The purpose of this qualitative descriptive study was to explore physician descriptions of the influence of pay for performance (P4P) programs on their medical decision-making for the delivery of health care through three antecedents of behavior intention—attitude toward program compliance, perceived behavioral control, and subjective norms. The Theory of Planned Behavior served as the theoretical framework for the research questions, which captured physician descriptions of the influence of their attitude toward pay for performance program compliance, perceived behavioral control, and subjective norms on their medical decision-making. This study employed non-probabilistic convenience and purposive snowball sampling to select 16 physician informants. Thirteen physicians participated in individual semi-structured interviews, and separately, three physicians participated in a semi-structured focus group. Thematic analysis was used to produce four main themes: (a) program compliance and beliefs of physicians in delivering patient care, (b) design, control, and performance motivation, (c) physician performance measurements and the opinions of others, and (d) patient care and compensation program considerations. The findings suggest that physician involvement in the design, implementation, and on-going evaluation of P4P models may influence physician participation and behavior change. As a practical implication, payors and policymakers may use the findings of this study to create future P4P models, which influence physician behavior change to control the rising cost of health care and variability of outcomes in the United States.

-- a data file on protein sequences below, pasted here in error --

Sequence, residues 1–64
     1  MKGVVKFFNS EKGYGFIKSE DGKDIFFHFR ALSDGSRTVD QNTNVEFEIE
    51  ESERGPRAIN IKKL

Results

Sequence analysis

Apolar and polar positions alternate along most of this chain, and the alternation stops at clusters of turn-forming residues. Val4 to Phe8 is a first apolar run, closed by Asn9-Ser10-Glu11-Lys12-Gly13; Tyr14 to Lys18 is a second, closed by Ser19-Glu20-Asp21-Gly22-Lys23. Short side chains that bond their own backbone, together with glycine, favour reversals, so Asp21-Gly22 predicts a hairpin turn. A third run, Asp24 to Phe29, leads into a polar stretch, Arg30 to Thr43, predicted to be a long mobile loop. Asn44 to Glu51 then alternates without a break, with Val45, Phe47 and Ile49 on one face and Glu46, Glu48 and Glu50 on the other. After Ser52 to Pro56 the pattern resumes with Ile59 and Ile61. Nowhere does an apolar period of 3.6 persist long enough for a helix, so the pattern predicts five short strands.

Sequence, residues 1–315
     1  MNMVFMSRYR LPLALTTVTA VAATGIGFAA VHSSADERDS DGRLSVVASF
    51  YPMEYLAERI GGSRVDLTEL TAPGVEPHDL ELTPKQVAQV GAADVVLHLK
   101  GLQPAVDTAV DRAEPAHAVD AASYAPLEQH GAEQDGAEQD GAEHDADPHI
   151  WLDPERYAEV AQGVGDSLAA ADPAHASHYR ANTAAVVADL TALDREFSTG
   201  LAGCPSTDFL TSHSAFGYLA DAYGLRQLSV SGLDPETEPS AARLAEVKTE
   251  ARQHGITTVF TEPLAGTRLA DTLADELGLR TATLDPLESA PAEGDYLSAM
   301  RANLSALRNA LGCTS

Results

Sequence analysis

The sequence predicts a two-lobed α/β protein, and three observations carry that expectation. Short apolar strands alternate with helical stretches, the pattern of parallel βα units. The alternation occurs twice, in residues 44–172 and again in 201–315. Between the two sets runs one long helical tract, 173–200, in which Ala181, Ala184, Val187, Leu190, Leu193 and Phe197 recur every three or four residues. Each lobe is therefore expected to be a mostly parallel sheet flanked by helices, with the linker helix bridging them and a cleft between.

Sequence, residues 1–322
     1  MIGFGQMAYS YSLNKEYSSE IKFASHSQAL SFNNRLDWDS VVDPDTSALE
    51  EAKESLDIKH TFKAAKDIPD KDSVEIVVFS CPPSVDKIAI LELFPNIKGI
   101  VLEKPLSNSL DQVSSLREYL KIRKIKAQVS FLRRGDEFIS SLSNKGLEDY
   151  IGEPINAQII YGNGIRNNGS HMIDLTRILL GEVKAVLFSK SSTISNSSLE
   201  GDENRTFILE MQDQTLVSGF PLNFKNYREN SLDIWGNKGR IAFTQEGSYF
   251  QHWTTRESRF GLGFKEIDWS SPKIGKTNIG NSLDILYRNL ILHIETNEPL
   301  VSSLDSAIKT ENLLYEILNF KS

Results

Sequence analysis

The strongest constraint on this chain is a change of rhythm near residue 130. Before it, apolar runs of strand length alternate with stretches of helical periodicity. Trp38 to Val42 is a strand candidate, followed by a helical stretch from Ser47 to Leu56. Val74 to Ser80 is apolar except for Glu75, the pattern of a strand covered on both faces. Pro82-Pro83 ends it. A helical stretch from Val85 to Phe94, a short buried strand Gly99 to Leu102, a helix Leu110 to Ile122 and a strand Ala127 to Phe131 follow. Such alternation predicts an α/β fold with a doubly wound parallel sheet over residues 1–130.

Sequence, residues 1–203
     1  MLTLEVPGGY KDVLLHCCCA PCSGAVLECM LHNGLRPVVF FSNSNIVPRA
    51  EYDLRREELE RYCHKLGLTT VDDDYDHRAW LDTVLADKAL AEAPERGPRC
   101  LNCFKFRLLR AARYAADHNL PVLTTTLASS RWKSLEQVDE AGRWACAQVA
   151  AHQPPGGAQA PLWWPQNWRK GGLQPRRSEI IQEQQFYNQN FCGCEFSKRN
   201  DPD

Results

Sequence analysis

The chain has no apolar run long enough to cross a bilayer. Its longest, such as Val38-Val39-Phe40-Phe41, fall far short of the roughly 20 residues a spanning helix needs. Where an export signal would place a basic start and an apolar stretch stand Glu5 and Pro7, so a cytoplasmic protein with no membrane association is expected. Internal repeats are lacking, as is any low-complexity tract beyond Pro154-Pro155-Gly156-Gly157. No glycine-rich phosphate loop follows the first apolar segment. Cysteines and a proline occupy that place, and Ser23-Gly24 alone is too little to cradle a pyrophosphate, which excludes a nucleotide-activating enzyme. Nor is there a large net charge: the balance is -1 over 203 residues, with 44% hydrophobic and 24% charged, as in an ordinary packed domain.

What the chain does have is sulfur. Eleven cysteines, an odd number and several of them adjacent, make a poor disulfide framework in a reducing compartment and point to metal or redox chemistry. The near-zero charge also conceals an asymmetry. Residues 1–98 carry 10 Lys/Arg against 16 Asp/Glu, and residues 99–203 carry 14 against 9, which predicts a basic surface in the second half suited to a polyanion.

|Advisor:||Markette, JoAnn Alicia Foley|
|Commitee:||Bosko, Tawnya, Wickersham-Fish, Leah, Zayas, Luis, Singer-Pressman, Melissa|
|School:||Grand Canyon University|
|Department:||College of Doctoral Studies|
|School Location:||United States -- Arizona|
|Source:||DAI-B 81/12(E), Dissertation Abstracts International|
|Subjects:||Health care management, Health sciences, Medicine|
|Keywords:||Health care financial incentives, Pay for Performance, Payor incentives, Physician behavior change, Theory of Planned Behavior|
Copyright in each Dissertation and Thesis is retained by the author. All Rights Reserved
The supplemental file or files you are about to download were provided to ProQuest by the author as part of a
dissertation or thesis. The supplemental files are provided "AS IS" without warranty. ProQuest is not responsible for the
content, format or impact on the supplemental file(s) on our system. in some cases, the file type may be unknown or
may be a .exe file. We recommend caution as you open such files.
Copyright of the original materials contained in the supplemental file is retained by the author and your access to the
supplemental files is subject to the ProQuest Terms and Conditions of use.
Depending on the size of the file(s) you are downloading, the system may take some time to download them. Please be